The reexamination of the skeletal material from the Tomb II of the Great Tumulus in Vergina from 2010 until today is part of a broader scientific research programme aiming at the reevaluation of earlier surveys with the contribution of medical and physico-chemical examination methods.
The aim of this survey is to create a database which will be supported by 3-dimensional scanning and which will give the Greek and international scientific community the opportunity to investigate a sensitive and valuable material without risking its damage.
The anthropological investigation of the two ensembles of the skeletal remains from the chamber and the antechamber of Tomb II (fig. 1, 2), during which 350 bones and fragments were registrated, is accompanied by 3,000 coloured digital photographs and supported by X-ray computed tomographies, scanning electron microscope (SEM) and X-rays fluorescence (XRF), methods that located additional materials on the bones, like royal purple and huntite, which belong to an object not yet identified.
1. Regarding the chamber’s deceased, new finds lead to a more precise definition of age between 41 and 49 years old, while degenerative lesions, chronic conditions and activity indicators point to a middle-aged man with intense equestrian and military activity. This data, combined with the morphological alteration in his bones –indicating that he was cremated just after his death- weaken the theory of his identification to Philip III Arrhidaeus and strengthen the idea of ascribing the tomb to Philip II.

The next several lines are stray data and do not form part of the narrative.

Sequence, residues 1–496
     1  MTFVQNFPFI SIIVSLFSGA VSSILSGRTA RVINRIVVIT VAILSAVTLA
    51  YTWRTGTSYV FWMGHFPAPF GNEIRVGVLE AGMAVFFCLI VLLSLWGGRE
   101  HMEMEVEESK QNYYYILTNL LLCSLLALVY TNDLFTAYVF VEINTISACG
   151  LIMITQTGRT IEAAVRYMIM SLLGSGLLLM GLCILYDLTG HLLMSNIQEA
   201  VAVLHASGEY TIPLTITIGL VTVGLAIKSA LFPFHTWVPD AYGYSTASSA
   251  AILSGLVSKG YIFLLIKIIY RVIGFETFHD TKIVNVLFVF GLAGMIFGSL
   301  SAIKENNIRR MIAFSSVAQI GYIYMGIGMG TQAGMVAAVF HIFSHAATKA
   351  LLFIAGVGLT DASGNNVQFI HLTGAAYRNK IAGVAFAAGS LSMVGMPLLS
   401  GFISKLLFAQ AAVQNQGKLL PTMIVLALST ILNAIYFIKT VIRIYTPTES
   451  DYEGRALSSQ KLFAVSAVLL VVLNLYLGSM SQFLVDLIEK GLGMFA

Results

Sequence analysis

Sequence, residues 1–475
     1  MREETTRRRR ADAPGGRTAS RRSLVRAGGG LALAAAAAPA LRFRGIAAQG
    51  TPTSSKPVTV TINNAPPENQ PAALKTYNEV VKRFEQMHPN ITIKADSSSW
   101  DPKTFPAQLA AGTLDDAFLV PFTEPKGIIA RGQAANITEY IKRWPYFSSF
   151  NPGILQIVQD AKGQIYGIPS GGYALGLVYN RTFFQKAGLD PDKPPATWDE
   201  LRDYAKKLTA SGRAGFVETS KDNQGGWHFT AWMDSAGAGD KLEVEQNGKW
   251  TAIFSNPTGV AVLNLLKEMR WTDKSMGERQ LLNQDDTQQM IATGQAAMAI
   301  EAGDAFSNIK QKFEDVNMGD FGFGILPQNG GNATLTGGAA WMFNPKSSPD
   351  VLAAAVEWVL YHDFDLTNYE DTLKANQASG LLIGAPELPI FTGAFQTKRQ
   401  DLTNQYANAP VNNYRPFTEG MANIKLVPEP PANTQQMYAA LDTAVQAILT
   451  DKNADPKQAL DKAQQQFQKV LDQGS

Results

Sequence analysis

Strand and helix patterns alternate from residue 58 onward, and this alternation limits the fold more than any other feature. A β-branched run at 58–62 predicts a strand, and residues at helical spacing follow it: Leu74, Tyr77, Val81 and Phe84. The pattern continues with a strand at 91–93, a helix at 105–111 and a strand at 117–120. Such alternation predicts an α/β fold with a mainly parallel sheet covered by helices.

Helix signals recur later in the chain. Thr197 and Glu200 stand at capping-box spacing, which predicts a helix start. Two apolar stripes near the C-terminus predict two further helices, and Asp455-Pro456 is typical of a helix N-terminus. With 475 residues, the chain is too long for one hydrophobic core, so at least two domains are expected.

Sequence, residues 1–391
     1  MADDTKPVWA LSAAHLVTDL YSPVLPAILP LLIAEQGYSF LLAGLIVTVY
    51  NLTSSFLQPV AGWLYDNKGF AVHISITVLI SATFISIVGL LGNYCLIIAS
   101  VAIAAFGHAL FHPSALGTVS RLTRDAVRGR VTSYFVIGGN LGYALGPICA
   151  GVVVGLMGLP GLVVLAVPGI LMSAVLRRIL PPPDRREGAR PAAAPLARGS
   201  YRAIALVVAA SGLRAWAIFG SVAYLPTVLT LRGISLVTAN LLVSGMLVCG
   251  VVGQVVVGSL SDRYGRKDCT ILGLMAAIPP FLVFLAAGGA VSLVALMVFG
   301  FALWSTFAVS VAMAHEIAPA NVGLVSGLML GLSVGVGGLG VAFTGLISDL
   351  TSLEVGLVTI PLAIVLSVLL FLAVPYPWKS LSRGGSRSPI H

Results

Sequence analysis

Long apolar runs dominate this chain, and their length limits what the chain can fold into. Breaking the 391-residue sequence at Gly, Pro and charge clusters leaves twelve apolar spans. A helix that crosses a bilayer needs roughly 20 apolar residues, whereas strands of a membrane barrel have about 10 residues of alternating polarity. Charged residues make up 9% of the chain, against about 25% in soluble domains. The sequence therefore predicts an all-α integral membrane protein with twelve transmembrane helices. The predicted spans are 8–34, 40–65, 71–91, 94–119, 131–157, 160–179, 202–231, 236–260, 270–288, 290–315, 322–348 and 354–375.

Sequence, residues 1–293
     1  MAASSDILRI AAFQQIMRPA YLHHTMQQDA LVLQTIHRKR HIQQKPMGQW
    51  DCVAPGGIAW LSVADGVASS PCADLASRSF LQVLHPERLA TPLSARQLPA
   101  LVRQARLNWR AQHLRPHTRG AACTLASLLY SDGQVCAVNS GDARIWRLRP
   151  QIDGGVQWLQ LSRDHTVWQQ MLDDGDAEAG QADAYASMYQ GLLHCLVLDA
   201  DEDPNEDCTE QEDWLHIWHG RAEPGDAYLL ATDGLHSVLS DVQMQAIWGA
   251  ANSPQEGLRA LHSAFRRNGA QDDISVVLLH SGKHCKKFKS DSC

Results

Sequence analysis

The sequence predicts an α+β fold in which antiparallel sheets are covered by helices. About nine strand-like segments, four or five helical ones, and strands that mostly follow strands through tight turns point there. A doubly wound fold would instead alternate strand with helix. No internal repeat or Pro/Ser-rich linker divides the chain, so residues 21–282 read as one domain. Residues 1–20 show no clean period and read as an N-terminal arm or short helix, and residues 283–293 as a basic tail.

2. For the female deceased of the tomb’s antechamber, new observations in bones not previously identified give an accurate definition of her age (30-34 years old), which definitely precludes three of the possible identifications with historical personalities proposed so far: Cleopatra and Meda, both wives of Philip II and Adea/Eurydice, wife of Philip III Arrhidaeus. Morphological alterations make certain that the deceased was cremated just after her death, just like the deceased in the chamber, while the equestrian activity indicators suggest that she, as well, rode for a long time. A fracture in the upper end of her left leg, that caused the shortening and atrophy in her left leg leads to the conclusion that the pair of mismatched greaves found in the antechamber belongs to her, as well as the largest part of the weaponry found within her burial site.
3. These data reinforce the assumption made on her identity by N.G.L. Hammond, who suggested her identification with an unknown Scythian woman, maybe the daughter of King Ateas, without excluding the possibility of identifying her with Aydata, Philip II’s Illyrian wife.
4. So, from an archaeological as well as anthropological aspect, the research results point to ascribing Tomb II at the Great Tumulus to Philip II and to dating it to 336 BC.
ΙV. The first conclusions from the interdisciplinary re-examination of the skeletal material from the royal tombs of the Great Tumulus contribute to our knowledge of the past and demonstrate the urgent need for its funding.
Chryssoula Paliadeli, Professor of Archaeology at the Aristotle University of Thessaloniki, Director of the AUTh Excavations at Vergina
Dr Thodoros and Lora Antikas, head of the anthropological team
Dr Yannis Maniatis, Researcher Α, NCSR “Demokritos”
The announcement will take place today, Thursday, 13th March, 2014, at 5.30 p.m., at the School of Philosophy, at the Aristotle University of Thessaloniki, in the framework of the Archaeological Conference about the 2013 Excavations in Macedonia and Thrace (13-15 March, 2014).